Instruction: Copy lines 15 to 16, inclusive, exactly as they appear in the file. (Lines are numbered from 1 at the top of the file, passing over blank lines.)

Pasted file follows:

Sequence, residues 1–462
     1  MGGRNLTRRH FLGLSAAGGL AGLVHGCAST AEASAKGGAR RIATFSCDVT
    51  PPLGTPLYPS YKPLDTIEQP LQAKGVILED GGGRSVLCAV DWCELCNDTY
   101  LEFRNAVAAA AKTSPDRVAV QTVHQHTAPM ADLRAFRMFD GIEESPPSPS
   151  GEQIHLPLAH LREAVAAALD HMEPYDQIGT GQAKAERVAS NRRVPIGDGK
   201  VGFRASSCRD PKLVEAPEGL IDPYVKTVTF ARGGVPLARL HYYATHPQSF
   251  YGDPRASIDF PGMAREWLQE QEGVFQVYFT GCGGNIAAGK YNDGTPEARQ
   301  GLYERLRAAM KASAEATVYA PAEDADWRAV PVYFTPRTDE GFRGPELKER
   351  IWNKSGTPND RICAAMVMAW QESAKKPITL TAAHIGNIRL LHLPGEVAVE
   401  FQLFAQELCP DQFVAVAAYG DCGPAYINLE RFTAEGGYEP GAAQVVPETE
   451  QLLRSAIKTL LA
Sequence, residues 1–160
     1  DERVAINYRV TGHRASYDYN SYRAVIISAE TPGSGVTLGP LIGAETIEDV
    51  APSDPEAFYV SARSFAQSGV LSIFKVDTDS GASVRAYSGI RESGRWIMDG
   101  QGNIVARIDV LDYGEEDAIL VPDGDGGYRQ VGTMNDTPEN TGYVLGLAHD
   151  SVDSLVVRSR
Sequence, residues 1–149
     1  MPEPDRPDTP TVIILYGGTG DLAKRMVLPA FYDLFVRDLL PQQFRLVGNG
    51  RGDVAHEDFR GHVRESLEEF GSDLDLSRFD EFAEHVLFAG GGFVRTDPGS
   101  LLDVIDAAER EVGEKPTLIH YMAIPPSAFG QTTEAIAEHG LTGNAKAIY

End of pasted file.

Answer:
   101  QGNIVARIDV LDYGEEDAIL VPDGDGGYRQ VGTMNDTPEN TGYVLGLAHD
   151  SVDSLVVRSR